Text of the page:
However, in his speech 10 days ago, Obama outlined numerous surveillance reforms including a promise to “enable communications providers to make public more information than ever before about the orders that they have received to provide data to the government.”
That means that they will allow tech giants to be more transparent with their consumers about National Security Agency (NSA) surveillance, although the Justice Department’s announcement makes it clear that the figures will still be quite vague.
Companies will now be able to report the number of FISA orders they receive and the number of accounts affected by the orders, but only in bands of 1,000.
Deputy Attorney General James Cole said the agreement is “a result that we believe strikes an appropriate balance between the competing interests of protecting national security and furthering transparency,” in his letter to the lawyers for major tech companies.
“We look forward to continuing to discuss with you ways in which the government and industry can similarly find common ground on other issues raising by the surveillance debates of recent months,” Cole wrote.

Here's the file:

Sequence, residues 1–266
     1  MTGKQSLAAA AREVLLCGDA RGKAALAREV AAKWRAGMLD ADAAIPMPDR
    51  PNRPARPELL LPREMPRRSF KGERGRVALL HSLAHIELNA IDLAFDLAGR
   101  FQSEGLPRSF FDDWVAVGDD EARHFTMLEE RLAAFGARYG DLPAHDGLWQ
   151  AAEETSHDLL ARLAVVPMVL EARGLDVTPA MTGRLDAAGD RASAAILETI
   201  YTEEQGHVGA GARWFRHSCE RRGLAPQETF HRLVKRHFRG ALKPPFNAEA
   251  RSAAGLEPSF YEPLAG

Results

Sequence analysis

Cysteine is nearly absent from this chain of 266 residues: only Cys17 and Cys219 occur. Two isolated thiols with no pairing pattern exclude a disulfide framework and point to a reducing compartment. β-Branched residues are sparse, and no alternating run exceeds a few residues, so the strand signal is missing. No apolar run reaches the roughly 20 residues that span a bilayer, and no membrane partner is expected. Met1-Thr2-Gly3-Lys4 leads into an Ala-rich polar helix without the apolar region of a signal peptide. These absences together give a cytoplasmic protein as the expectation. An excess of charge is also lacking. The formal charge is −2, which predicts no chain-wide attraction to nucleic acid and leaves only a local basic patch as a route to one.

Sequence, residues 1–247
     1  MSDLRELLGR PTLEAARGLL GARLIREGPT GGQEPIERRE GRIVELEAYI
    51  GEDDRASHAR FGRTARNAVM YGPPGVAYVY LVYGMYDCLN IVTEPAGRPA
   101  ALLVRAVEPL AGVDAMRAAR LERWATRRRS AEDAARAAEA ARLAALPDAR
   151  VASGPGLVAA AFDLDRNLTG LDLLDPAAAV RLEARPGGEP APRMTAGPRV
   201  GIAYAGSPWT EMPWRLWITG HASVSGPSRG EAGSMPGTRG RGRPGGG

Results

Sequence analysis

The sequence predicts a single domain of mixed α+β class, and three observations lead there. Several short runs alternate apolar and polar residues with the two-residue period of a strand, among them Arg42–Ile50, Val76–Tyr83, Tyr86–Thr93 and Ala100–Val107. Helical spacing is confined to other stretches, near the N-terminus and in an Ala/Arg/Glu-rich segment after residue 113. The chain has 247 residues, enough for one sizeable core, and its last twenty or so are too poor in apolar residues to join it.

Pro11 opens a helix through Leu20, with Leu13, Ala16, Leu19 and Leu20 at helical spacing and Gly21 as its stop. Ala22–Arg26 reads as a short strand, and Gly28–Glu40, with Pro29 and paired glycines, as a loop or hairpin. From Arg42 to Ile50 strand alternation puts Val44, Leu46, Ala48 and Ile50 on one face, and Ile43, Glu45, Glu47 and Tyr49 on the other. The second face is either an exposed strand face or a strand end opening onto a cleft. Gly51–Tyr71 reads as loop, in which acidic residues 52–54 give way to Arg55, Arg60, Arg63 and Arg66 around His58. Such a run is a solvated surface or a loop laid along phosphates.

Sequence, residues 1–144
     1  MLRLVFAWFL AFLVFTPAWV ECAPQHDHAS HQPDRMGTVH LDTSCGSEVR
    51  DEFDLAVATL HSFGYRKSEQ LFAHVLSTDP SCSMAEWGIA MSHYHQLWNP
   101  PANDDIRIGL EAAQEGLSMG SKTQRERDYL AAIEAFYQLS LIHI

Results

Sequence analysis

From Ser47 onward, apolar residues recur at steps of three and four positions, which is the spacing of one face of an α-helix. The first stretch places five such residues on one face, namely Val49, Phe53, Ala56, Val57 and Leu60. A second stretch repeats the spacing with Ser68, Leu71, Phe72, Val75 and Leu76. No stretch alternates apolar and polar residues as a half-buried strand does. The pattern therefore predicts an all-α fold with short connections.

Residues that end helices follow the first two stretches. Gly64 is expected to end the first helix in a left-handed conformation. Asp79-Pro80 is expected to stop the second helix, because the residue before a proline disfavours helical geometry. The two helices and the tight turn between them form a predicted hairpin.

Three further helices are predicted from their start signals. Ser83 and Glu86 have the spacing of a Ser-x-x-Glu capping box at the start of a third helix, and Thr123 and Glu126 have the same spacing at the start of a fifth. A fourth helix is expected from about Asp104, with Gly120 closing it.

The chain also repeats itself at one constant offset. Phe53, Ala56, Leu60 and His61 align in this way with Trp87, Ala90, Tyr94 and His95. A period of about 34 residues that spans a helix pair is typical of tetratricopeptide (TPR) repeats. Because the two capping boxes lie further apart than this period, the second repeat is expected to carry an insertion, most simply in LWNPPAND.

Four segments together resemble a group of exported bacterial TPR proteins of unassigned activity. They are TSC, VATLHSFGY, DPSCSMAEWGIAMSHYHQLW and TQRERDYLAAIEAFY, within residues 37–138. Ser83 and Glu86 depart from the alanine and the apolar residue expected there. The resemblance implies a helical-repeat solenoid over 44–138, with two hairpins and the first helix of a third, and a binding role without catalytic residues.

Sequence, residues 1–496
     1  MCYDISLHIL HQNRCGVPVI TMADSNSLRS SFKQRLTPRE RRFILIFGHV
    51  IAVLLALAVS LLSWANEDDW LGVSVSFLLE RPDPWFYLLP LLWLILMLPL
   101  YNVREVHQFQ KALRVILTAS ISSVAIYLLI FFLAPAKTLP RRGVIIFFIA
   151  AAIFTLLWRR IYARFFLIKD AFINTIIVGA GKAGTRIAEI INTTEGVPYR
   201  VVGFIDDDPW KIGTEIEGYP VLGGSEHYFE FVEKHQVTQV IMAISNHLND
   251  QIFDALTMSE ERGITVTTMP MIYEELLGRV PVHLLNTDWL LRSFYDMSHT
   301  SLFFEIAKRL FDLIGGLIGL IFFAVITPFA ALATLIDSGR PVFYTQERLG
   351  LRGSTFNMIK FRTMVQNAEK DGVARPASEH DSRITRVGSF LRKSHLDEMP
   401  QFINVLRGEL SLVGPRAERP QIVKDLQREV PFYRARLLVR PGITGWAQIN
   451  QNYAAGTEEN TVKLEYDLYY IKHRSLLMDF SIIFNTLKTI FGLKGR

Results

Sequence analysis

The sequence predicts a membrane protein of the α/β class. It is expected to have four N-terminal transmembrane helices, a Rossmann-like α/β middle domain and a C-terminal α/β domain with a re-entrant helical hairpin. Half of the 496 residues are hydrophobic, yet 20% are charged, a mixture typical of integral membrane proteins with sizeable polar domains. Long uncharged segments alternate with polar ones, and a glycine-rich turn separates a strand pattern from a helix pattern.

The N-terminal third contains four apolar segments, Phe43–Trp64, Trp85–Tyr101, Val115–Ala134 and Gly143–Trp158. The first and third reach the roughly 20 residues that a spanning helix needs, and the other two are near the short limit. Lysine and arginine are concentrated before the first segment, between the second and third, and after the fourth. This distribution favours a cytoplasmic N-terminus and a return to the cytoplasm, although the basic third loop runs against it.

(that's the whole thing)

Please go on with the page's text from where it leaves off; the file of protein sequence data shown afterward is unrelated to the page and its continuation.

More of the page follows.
However, there are many exceptions to the agreement.
It does not cover data collected in bulk by the NSA outside of the U.S., but only covers the data it gets directly from the companies, Reuters reports.
If a new communications platform is launched, companies need to wait two years before publicly mentioning a court order for information on the platform.
“The silence is designed to lull suspected militants into using, or continuing to use, new forms of communication,” according to Reuters.
If companies want to provide numbers more precise than the ranges of 1,000, they can exercise what the Obama administration calls “Option Two.”
This allows them two report “the total number of all national security process received, including all NSL’s and FISA orders, reported as a single number in the following bands: 0-249 and thereafter in bands of 250.”
The sacrifice in doing that would be that they cannot differentiate between NSLs and FISA orders, which, as Wired points out, are very different.
On Monday, Apple chose to use the Option Two route and revealed that they have received a total of 0-249 NSLs and FISA orders between Jan. 1, 2013 and June 30, 2013 from governments worldwide.
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